### Towards Stable and Comprehensive Domain Alignment: Max-Margin Domain-Adversarial Training

Domain adaptation tackles the problem of transferring knowledge from a label-rich source domain to a label-scarce or even unlabeled target domain. Recently domain-adversarial training (DAT) has shown promising capacity to learn a domain-invariant feature space by reversing the gradient propagation of a domain classifier. However, DAT is still vulnerable in several aspects including (1) training instability due to the overwhelming discriminative ability of the domain classifier in adversarial training, (2) restrictive feature-level alignment, and (3) lack of interpretability or systematic explanation of the learned feature space. In this paper, we propose a novel Max-margin Domain-Adversarial Training (MDAT) by designing an Adversarial Reconstruction Network (ARN). The proposed MDAT stabilizes the gradient reversing in ARN by replacing the domain classifier with a reconstruction network, and in this manner ARN conducts both feature-level and pixel-level domain alignment without involving extra network structures. Furthermore, ARN demonstrates strong robustness to a wide range of hyper-parameters settings, greatly alleviating the task of model selection. Extensive empirical results validate that our approach outperforms other state-of-the-art domain alignment methods. Moreover, reconstructing adapted features reveals the domain-invariant feature space which conforms with our intuition.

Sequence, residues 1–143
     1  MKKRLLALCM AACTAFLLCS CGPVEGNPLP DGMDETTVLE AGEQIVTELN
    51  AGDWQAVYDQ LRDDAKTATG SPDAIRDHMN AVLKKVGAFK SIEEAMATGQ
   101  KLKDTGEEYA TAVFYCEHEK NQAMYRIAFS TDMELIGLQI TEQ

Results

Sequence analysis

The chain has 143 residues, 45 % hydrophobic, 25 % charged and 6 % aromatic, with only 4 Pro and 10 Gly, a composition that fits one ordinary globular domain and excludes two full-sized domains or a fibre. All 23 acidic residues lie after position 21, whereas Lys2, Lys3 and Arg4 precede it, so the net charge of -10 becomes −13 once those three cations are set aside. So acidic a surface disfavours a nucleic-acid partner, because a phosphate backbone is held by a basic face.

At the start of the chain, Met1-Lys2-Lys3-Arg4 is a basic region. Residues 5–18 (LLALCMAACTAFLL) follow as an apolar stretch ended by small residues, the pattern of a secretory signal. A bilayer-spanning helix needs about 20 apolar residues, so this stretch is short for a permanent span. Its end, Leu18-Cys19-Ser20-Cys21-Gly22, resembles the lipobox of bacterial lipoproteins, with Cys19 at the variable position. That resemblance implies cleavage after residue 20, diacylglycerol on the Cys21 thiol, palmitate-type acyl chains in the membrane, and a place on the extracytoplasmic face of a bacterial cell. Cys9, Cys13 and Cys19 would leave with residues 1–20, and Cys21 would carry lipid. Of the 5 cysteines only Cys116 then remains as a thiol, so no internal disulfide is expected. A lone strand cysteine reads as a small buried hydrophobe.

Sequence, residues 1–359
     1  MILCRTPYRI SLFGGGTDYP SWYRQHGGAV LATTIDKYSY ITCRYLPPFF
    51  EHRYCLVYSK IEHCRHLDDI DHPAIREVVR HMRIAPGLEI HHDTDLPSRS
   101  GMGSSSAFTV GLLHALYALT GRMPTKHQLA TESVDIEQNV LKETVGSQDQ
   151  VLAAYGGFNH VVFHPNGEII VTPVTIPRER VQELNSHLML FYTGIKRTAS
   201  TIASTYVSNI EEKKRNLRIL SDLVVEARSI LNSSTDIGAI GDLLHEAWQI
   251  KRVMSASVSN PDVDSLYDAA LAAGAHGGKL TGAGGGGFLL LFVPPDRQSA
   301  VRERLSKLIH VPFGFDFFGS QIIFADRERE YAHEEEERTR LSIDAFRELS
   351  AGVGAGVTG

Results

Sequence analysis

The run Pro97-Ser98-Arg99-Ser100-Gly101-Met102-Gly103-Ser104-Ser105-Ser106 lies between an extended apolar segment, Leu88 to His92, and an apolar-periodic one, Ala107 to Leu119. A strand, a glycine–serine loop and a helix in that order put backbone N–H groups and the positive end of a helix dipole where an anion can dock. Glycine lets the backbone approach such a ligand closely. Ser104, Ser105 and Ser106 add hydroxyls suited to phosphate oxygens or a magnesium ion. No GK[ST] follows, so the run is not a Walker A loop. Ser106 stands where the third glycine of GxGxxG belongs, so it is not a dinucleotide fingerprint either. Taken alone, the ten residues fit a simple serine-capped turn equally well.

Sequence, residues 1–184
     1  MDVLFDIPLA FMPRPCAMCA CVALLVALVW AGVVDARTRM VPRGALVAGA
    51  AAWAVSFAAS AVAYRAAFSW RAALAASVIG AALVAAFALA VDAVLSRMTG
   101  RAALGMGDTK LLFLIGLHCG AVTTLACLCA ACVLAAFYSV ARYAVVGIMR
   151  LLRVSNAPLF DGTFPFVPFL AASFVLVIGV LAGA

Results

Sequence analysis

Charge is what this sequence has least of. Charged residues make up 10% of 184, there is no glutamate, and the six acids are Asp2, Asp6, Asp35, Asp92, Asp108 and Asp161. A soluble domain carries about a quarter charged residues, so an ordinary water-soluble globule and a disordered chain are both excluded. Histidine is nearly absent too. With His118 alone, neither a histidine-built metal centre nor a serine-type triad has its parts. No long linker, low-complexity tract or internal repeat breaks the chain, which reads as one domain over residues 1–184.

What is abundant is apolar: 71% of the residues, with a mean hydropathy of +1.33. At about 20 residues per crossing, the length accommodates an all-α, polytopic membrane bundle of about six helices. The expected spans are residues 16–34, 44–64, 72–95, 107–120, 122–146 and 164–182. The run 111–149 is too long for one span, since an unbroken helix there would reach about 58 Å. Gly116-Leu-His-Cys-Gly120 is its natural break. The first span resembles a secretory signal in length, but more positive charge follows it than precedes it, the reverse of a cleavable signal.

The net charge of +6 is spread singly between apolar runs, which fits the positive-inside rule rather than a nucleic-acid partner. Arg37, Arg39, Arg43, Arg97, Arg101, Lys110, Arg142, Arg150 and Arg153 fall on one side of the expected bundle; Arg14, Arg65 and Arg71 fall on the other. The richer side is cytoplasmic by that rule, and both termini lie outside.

### When Autonomous Systems Meet Accuracy and Transferability through AI: A Survey

With widespread applications of artificial intelligence (AI), the capabilities of the perception, understanding, decision-making and control for autonomous systems have improved significantly in the past years. When autonomous systems consider the performance of accuracy and transferability simultaneously, several AI methods, like adversarial learning, reinforcement learning (RL) and meta-learning, show their powerful performance. Here, we review the learning-based approaches in autonomous systems from the perspectives of accuracy and transferability. Accuracy means that a well-trained model shows good results during the testing phase, in which the testing set shares a same task or a data distribution with the training set. Transferability means that when an trained model is transferred to other testing domains, the accuracy is still good. Firstly, we introduce some basic concepts of transfer learning and then present some preliminaries of adversarial learning, RL and meta-learning. Secondly, we focus on reviewing the accuracy and transferability to show the advantages of adversarial learning, like generative adversarial networks (GANs), in typical computer vision tasks in autonomous systems, including image style transfer, image super-resolution, image deblurring/dehazing/rain removal, semantic segmentation, depth estimation and person re-identification. Then, we further review the performance of RL and meta-learning from the aspects of accuracy and transferability in autonomous systems, involving robot navigation and robotic manipulation. Finally, we discuss several challenges and future topics for using adversarial learning, RL and meta-learning in autonomous systems.